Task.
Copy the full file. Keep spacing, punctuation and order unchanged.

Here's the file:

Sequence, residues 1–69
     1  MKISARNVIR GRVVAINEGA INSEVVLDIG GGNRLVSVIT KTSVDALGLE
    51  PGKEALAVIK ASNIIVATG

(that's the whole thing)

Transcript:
Sequence, residues 1–69
     1  MKISARNVIR GRVVAINEGA INSEVVLDIG GGNRLVSVIT KTSVDALGLE
    51  PGKEALAVIK ASNIIVATG